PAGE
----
"Well you know, it’s pretty outrageous situation where a mining company just sort of blatantly disregards the permit requirement like this," Isherwood says. "I haven’t encountered this before, although I have to say that it’s my sense the agency is really underfunded, and doesn’t have the ability to investigate it like they should, which is why the Sierra Club and Kentuckians for the Commonwealth are trying to help out here, since it appears the cop is not on the beat, so to speak."
The Corps could work with the federal Environmental Protection Agency or federal prosecutors to investigate what’s happened here. But one regulator saiys that isn’t likely to happen.
Lee Anne Devine is acting regulatory chief of the Louisville District of the Army Corps of Engineers. She declined to speak on tape, but she said that Clintwood Elkhorn Mining and TECO Energy had "made a mistake" and were "being very cooperative."
She also said that mining without a Corps permit, both inadvertently and intentionally, has happened before in her district – as often as "a few times a month."
That’s exactly what Lovett is worried about.
"My fear, and the fear of the Sierra Club and others, is that this is a pretty common practice in Kentucky and Tennessee. We certainly hope not, but that’s what we’re hearing," he says.
The whole thing reminds some observers of the scene from the movie "Blazing Saddles," where bad-guy Harvey Korman is interviewing a group of bandits he’s trying to hire., When Korman tries to give them their badgest, one bandit says, "Badges? We don't need no stinking badges."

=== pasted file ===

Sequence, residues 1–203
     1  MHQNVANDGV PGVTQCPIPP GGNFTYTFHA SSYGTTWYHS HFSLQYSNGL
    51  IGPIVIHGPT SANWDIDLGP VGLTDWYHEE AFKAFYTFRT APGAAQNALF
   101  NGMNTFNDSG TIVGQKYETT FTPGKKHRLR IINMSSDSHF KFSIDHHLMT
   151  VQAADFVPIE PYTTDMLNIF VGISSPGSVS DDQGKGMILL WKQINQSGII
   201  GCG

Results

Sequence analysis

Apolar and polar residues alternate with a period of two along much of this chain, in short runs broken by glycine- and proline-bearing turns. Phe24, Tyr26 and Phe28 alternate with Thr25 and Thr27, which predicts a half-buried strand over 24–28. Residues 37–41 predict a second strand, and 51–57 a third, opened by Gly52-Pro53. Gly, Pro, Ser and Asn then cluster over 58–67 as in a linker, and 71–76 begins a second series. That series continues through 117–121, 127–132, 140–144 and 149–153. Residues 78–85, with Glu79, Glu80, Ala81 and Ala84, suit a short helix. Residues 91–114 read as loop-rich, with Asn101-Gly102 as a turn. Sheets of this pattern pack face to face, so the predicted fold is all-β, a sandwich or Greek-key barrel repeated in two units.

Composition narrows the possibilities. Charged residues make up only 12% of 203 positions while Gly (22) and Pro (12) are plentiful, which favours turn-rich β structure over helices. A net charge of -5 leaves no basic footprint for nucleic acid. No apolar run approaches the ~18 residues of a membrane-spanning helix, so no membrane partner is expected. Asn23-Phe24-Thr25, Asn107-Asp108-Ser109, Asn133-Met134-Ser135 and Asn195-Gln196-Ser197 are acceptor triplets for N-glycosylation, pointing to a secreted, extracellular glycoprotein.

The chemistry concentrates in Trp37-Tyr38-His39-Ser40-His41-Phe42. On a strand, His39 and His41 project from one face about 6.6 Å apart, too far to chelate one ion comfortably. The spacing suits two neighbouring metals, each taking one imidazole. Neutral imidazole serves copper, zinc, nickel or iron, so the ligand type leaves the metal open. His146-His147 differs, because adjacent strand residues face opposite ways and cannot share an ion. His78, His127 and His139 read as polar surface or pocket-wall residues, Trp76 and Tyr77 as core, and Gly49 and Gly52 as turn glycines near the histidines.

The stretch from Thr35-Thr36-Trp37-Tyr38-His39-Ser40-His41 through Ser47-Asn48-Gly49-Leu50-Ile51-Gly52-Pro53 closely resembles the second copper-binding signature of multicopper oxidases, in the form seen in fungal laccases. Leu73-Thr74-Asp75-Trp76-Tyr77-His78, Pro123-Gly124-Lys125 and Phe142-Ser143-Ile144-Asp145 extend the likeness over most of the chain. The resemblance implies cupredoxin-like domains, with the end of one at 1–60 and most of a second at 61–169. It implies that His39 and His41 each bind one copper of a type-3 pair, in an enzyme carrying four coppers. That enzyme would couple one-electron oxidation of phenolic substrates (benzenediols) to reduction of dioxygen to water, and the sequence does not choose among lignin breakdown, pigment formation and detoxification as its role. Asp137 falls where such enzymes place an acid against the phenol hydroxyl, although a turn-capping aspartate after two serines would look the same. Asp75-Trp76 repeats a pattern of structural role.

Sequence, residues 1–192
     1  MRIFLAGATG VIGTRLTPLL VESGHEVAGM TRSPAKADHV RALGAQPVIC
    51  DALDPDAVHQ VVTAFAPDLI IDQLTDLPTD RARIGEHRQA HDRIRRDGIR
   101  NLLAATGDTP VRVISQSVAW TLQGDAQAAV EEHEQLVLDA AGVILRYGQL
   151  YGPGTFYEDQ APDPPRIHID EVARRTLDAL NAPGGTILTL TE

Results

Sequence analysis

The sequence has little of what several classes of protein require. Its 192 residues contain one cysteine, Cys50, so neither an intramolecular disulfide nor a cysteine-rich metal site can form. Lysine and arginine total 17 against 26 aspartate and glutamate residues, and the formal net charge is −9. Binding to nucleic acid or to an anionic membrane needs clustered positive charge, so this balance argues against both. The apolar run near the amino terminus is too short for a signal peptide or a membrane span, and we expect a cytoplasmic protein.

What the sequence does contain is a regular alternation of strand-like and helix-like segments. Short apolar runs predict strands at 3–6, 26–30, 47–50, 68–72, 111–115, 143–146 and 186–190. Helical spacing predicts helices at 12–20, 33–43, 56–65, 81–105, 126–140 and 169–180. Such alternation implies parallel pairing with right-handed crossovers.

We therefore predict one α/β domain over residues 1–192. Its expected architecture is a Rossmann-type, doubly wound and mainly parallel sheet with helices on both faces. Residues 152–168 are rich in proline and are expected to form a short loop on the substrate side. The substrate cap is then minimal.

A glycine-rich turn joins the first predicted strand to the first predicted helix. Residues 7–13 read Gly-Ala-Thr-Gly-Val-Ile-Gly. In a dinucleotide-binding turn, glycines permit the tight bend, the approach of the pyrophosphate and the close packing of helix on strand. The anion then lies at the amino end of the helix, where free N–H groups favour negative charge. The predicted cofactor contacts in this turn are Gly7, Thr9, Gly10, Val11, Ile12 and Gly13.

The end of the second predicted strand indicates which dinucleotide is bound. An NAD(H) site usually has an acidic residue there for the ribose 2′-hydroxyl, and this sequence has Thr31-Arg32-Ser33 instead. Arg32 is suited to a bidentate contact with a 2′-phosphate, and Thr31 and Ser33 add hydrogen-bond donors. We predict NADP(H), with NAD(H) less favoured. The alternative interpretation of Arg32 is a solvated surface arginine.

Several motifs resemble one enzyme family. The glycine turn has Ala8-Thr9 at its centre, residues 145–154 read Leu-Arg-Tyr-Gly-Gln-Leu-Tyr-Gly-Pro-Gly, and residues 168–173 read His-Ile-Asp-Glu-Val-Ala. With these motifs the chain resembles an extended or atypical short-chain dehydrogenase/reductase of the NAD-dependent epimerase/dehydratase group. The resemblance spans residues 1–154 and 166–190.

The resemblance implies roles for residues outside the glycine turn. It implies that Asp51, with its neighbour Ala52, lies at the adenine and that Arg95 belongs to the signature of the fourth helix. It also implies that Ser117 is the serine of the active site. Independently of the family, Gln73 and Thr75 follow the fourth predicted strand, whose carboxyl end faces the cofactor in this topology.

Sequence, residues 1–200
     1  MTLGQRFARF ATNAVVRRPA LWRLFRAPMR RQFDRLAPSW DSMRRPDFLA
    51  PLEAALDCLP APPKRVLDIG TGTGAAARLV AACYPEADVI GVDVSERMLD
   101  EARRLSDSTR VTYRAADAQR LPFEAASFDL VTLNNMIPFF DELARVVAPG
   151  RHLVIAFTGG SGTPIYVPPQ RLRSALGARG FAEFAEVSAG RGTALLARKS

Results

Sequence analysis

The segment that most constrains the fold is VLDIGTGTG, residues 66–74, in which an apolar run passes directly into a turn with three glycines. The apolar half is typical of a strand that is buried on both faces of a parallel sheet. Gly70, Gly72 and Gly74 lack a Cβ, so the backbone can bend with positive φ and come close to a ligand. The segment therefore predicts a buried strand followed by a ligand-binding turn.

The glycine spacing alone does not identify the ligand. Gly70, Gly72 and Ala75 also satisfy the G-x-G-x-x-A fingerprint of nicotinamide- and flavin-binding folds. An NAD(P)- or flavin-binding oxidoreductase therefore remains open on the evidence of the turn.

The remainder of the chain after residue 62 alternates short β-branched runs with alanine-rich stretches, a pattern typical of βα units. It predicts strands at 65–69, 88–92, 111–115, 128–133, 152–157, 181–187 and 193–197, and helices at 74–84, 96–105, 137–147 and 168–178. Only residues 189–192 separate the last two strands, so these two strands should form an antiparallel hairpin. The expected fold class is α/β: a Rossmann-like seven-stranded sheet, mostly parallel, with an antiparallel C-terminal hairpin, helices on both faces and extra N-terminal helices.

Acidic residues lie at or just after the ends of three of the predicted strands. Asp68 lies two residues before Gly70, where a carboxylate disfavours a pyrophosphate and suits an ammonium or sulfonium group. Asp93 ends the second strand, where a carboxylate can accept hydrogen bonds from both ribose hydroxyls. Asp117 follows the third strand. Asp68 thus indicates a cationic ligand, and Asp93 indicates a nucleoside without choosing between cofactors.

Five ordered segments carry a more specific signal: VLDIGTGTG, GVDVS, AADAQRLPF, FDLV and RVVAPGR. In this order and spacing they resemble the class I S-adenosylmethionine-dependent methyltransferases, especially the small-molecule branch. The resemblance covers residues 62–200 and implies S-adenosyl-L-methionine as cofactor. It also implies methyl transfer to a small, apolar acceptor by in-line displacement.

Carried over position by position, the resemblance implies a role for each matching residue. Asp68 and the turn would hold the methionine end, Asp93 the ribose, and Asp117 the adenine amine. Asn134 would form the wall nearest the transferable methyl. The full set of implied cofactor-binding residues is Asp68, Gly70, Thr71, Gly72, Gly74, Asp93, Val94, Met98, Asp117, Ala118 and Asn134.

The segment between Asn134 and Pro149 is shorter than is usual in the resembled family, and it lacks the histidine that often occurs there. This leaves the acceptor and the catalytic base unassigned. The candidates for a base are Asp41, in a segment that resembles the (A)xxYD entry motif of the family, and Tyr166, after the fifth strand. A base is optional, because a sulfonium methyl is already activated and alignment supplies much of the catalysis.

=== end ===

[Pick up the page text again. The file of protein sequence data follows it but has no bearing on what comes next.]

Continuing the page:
But in this case, the catch-phrase would be: "Permits? We don’t need no stinking permits!"
Lovett says it would be comical, except the issue has real consequences on the people who live near the mines.
"We know generally that these valley fills are very harmful to the streams below them, particularly to lakes, where water is still, so all the streams flow into the lake and you can have problems with toxic pollutants, bio-accumulative pollutants, even sediments. But the purpose of seeking a permit is to allow the agency to make that determination before somebody does the mining. In this case, because the Corps didn’t even have an opportunity to do that, we really don’t know," Lovett says.
Fishtrap Lake already has its share of environmental problems. Retired coal miner Kenneth Taylor lives two miles from the lake. He says the lake used to be wonderful.
"Well, I used to enjoy it more often when there were more fish to catch and when you could swim in it. Fishin’ was real good. I used to walk down to the water and catch a lot of fish. Used to catch fish all night long, two or three days in a row. Now, you can’t hardly catch anything."
Taylor knows he would get busted if he tried to change the creek in front of his house without the proper permission. So why, he asks, shouldn’t coal companies be treated the same?
"I think they ought to be held accountable for it. Because if it was me over here in front of my house filling the creek in, and changing the creek around and making ponds and this and that, I believe they would put the law to me. I don’t see where a coal company would be any different," Taylor says.